I have a question, if Spain’s noblewoman didn’t wear corsets, what did they wear instead?

    I have a theory that the seamstresses who made the verdugado had their glasses taken away to sew such wavy stripes.

    What I wouldn’t mind seeing is an adaptation of Alison Weir’s historical novels on the Six Wives. Catherine has red strawberry blonde hair on cover and Prince Henry is a boy not a weirdly infatuated almost paedophilic relationship PFG writes. But that’s not a costume problem, so I won’t dwell on it.

    My second question has to do with Juana Duchess of Burgundy’s wardrobe? What would have been something that the Burgundian court would have worn? Definitely not a copy of either Danilo Donati’s Romeo and Juliet costumes, but how close would they have been to Gabriella Pescucci’s The Borgias? Holy Roman Emperor Maxmillian invaded Lombardy as he too had a claim on the Duchy. Emperor Max was Duke Philip’s father and Juana’s father-in-law.

    Reply
  7. Working Mom Having It All

    My guess is that the reason they wouldn’t have cast another redhead as Juana is that you then run the risk of audiences confusing the two characters. I feel like casting directors like to have the main ensemble of a show look fairly different from each other so that viewers aren’t like “wait so this redhaired princess and that other redhaired princess.. they’re two different princesses? confusingggggggg” and then change the channel.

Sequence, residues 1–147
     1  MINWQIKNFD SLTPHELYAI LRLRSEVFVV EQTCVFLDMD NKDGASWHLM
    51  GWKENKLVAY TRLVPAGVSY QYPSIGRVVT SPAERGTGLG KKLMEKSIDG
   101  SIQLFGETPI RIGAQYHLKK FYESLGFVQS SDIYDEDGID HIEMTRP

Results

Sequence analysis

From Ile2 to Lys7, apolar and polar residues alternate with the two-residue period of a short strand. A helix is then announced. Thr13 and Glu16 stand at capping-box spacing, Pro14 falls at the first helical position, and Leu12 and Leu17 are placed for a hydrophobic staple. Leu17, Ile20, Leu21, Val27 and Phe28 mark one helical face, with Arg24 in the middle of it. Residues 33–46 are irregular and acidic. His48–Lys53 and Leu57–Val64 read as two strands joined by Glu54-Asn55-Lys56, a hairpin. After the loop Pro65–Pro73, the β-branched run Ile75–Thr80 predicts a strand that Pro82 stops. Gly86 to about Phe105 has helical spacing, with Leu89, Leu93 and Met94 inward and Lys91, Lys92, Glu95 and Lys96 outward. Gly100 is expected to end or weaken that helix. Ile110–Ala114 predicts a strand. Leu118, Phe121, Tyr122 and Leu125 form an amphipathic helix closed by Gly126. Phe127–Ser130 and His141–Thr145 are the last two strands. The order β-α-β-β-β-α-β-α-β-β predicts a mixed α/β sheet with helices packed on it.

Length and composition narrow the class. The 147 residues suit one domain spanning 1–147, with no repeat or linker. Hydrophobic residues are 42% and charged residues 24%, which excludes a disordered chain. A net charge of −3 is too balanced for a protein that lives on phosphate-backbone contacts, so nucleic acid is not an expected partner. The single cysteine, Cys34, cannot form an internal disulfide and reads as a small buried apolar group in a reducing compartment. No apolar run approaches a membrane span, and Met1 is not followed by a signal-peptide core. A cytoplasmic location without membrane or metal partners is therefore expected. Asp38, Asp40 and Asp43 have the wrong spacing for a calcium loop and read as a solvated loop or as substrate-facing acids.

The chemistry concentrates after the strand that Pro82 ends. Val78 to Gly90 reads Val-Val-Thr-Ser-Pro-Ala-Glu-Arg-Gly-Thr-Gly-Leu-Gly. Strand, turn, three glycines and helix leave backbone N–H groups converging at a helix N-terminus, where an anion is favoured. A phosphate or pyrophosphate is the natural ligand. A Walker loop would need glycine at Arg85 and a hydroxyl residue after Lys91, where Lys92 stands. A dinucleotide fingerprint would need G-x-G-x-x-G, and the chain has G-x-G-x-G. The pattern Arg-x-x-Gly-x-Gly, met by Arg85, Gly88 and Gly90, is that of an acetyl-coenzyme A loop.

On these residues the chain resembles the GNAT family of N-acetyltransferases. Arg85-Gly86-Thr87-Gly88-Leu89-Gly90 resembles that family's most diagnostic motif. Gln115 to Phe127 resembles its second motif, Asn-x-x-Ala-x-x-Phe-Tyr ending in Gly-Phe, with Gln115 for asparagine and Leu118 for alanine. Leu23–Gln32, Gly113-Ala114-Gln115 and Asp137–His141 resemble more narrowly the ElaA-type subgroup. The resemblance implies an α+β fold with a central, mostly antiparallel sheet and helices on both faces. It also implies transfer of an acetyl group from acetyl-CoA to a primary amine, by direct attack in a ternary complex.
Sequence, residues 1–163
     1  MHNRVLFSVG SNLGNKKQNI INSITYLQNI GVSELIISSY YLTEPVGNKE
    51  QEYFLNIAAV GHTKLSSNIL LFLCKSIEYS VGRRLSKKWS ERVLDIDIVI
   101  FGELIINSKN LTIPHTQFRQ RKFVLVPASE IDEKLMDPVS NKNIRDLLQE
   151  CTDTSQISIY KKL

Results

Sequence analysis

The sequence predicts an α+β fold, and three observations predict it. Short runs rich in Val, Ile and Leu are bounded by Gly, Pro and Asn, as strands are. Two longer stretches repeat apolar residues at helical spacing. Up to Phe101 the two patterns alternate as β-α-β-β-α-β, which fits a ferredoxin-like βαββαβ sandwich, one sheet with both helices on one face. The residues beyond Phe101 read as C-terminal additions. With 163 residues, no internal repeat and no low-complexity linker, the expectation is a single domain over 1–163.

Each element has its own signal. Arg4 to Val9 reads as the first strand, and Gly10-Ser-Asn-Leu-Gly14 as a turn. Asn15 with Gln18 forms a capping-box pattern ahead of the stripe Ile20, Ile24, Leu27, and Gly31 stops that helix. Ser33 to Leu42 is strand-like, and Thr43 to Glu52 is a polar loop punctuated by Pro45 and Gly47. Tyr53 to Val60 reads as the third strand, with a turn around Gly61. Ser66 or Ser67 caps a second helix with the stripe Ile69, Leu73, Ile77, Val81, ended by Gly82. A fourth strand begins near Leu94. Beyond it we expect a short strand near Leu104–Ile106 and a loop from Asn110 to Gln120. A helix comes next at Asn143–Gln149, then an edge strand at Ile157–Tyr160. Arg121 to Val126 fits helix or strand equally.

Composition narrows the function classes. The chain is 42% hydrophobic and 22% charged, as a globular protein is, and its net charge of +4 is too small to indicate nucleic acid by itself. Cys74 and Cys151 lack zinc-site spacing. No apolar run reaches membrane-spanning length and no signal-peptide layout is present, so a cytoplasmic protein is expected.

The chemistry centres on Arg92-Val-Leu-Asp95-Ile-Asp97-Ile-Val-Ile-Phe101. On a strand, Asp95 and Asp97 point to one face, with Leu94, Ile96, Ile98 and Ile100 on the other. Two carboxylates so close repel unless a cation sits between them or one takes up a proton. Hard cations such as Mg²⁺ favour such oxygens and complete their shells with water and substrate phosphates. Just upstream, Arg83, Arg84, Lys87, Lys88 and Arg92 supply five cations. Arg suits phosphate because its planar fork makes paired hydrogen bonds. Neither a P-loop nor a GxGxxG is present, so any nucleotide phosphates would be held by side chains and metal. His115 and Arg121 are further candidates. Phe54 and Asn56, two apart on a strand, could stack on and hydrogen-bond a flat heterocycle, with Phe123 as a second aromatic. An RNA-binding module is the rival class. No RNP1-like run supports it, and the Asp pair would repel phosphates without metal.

If you watch any show, you’ll notice that they tend to aim for relative diversity in at least hair color and often overall look, among the leads. Especially if there are multiple featured characters the audience is supposed to be paying close attention to. For example the daughters on Downton Abbey are two brunettes and a redhead, Gentleman Jack has Anne Lister and Ann Walker with brown vs. blond hair (and Anne L’s sister also has notably light brown vs. dark brown hair and looks physically pretty different from Anne L), Killing Eve has the Asian-Canadian dark haired Eve and the white blond Villanelle. Etc. etc. etc. If they’re open to the cast looking pretty samey, they’re not very worried about whether the audience can tell them apart.

    Reply
  8. Brandy Loutherback

    Good Lord the Hat Choices! You do see pudding caps for small children in the 18th century, but not in the early 1500’s! PS: I would like to see them adapt Alison FUCK YEAH Weir’s six Tudor Queens series instead of PFG’s Shitorical books!

    Reply
  9. North country girl

    Didn’t Annette Crosbie in the Six Wives of Henry VIII have reddish hair? Looked so to me

    Reply
  10. Lillian

    About the Moroccan prints: I don’t think these people are aware that Morocco isn’t part of Spain.

    Reply
  11. Aleko

    I don’t suppose there is any chance that Mestressa Beatriz has made a reproduction of her favourite paned hooped gown (with or without duck feet) for SCA wear? And if so, could she be persuaded to favour us with a picture of it? Please?

    Reply
  12. misat0

    Portugal and Spain were (and are) two independant countries at the time, in fact, historical rivals. Fashions could eventually be similar, but definitely not the same, you can see it in a lot of period paintings. Although neighbouring countries, the culture evolved independantly. Stop treating Portugal as a Spanish province, which happened only for a very short period, when there was a crisis in the Royal succession. And that was after this.

    Reply